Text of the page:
Everything Old Is New Again

New Zealand Prime Minister Jacinda Ardern swiftly reimposed tight restrictions in Auckland, that nation’s most populous and major seaport city, including social distancing measures across the entire country following discovery of a mysterious COVID infection in a family of 4 following 102 consecutive days of no coronavirus transmission in the nation.

Director General of Health Dr. Ashley Bloomfield, MD said “We are working hard to put together pieces of the puzzle on how this family got infected.”

New Zealand Prime Minister Jacinda Ardern, and Director of General Health Dr. Ashley Bloomfield, MD give media a COVID-19 update August 12, 2020, address recent news of a family of 4 found to be infected after 102 consecutive days of no coronavirus transmission in the nation.

He said that epidemiological investigation was focusing upon the possibility that the virus was imported via freight, stating that surface testing was underway at a refrigeration facility where the family worked, adding that, “We know the virus can survive within refrigerated environments for quite some time.”

Chinese health officials have reported at least 158 instances of coronavirus being detected in Beijing and outlying areas, including on imported frozen seafood on June 20 and of a 22-year-old man who works as a dishwasher in Conrad Hotel  in the north China city of Tianjin, and occasionally cleans frozen seafood there.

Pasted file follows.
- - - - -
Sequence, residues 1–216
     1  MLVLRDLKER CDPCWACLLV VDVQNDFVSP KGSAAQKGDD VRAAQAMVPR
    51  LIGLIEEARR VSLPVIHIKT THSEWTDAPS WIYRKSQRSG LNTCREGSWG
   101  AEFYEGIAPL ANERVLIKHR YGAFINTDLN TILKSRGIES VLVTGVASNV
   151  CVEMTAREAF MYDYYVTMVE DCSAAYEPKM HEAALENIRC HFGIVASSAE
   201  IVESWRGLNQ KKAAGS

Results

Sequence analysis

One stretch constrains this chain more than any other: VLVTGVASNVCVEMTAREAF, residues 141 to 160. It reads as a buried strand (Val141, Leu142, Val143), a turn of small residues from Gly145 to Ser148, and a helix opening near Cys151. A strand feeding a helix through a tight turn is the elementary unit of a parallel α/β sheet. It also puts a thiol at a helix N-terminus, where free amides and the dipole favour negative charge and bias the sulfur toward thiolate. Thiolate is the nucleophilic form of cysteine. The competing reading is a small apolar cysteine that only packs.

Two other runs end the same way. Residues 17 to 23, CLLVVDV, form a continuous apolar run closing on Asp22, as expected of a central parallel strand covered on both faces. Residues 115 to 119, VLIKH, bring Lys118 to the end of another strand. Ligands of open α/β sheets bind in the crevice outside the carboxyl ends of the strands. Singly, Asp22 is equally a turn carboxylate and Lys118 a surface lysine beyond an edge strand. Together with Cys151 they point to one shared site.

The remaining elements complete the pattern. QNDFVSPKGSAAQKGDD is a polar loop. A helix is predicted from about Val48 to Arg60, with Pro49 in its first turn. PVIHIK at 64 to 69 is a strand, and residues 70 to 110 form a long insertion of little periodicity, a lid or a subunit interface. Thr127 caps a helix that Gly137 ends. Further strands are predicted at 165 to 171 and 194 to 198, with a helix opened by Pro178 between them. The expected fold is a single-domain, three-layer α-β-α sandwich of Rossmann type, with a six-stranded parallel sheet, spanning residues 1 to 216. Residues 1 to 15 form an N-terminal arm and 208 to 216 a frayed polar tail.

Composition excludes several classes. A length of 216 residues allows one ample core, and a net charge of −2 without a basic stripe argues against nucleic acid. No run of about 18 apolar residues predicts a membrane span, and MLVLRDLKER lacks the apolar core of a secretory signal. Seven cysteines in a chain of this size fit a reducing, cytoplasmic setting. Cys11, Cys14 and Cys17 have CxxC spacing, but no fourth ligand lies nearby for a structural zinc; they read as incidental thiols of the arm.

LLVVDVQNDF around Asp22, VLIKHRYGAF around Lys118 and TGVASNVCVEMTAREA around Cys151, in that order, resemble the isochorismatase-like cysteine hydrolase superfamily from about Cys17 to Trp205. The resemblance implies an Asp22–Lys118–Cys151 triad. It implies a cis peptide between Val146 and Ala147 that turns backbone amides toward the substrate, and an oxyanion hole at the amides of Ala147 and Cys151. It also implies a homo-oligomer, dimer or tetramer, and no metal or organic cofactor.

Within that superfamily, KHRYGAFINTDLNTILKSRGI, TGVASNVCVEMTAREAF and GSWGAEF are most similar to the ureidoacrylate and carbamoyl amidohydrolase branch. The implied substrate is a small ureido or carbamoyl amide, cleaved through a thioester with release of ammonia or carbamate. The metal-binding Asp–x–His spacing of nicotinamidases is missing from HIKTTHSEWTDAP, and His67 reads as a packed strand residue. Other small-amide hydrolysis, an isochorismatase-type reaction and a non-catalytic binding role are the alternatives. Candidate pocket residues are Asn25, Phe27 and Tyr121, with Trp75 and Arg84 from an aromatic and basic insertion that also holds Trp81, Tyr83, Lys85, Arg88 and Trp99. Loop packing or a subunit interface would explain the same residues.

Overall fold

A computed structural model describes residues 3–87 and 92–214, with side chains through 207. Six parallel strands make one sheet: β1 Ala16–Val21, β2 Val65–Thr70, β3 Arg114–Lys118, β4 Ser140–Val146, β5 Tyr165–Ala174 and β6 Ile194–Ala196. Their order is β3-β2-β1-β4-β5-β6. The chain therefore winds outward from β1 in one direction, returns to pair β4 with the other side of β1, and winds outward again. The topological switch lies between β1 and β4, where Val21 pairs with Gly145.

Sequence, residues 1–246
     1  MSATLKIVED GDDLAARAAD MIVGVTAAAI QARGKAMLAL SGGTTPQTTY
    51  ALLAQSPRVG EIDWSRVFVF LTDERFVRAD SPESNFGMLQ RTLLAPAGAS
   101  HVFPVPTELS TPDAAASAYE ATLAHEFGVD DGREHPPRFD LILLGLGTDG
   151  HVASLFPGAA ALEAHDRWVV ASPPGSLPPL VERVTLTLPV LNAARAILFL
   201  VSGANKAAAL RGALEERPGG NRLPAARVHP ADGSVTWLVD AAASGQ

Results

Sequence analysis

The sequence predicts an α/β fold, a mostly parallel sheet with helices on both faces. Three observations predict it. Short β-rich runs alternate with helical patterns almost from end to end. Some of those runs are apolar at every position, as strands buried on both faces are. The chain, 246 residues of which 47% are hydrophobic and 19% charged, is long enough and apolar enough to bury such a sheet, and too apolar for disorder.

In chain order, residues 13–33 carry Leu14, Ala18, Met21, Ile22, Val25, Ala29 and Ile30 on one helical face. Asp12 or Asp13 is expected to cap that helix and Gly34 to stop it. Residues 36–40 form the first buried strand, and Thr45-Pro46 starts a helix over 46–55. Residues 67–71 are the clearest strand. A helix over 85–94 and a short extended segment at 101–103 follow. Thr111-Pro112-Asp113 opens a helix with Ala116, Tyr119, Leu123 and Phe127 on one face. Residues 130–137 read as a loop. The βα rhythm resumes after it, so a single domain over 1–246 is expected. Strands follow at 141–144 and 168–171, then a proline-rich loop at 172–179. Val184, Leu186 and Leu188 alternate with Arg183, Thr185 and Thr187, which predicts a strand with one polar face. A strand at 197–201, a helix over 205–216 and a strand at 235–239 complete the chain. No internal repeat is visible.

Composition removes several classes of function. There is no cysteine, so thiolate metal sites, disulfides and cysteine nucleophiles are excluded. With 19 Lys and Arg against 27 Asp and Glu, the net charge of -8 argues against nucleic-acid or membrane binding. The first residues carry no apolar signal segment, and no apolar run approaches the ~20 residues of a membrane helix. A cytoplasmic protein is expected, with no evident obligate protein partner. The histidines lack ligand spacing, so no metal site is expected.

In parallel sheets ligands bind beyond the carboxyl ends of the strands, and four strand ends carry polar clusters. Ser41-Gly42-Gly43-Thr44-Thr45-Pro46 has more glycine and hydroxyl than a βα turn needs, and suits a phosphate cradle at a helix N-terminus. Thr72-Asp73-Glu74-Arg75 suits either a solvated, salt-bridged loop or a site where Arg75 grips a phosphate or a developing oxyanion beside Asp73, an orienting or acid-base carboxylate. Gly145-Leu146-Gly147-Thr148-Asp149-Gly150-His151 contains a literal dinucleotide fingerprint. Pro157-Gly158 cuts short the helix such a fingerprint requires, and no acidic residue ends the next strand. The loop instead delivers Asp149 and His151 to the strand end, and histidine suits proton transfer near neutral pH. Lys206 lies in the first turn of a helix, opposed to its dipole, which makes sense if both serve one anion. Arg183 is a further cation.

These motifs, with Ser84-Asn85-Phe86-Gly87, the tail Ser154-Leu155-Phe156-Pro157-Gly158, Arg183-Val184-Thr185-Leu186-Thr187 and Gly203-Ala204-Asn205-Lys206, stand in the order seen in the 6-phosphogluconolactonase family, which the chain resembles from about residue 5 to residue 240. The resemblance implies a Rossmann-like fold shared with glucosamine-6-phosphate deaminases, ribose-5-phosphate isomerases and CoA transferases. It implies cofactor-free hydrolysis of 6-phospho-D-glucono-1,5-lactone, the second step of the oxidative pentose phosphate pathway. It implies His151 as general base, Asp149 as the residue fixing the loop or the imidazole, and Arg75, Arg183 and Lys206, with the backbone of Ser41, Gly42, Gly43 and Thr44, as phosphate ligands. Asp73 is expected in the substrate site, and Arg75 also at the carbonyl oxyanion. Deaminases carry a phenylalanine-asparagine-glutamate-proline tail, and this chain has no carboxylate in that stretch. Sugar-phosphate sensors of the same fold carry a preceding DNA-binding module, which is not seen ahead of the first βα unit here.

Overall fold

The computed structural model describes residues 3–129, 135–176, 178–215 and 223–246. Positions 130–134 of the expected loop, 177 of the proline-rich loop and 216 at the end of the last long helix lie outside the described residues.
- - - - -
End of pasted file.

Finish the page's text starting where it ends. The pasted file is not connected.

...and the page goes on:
Another instance involves frozen chicken wings imported from Brazil into the southern Chinese city of Shenzhen, and samples from exterior packaging of frozen Ecuadorian shrimp sold in the northwestern city of Xi’An on August 13, although the WHO says there’s no confirmed case of transmission through food, or its packaging – yet they do note that studies have found the virus can remain viable for up to 72 hours on plastic.

Unlike other pathogens such as bacteria, viruses are not “alive” in the classical sense, so they cannot “die,” or be “killed,” and can only multiply inside the living cells of a host, which may include animals, plants, or some bacterias. The tobacco mosaic virus is one such example of a plant-based virus. Another example of viral infections of plants is the tulip breaking virus which causes the solid colors of the flower’s petals to become striated in appearance – an often very-desirable feature.


Where Do We Go From Here

Much, if not most, or, even all, of this coronavirus/COVID-19 pandemic has shown how critically important it is to have good international relations – even with one’s enemies – simply for the sake of Public Health, if nothing else.

Playing the “blame game” and attempting to point fingers at China as culprit, serves little-to-no purpose, and certainly doesn’t accomplish what needs to be done, which is to eradicate the virus, develop a vaccine against it, and to determine how it originated. In other words, our number one priority is to maintain Public Health. And as many of us have been reminded from childhood, when one points, there are three other fingers pointing back at you.

In our current era, with inexpensive international travel commonplace, it has been thrust upon us everyone to not only become more diligent, but to acknowledge that mutual cooperation on such matters is of paramount importance, and most definitely in our national self interest.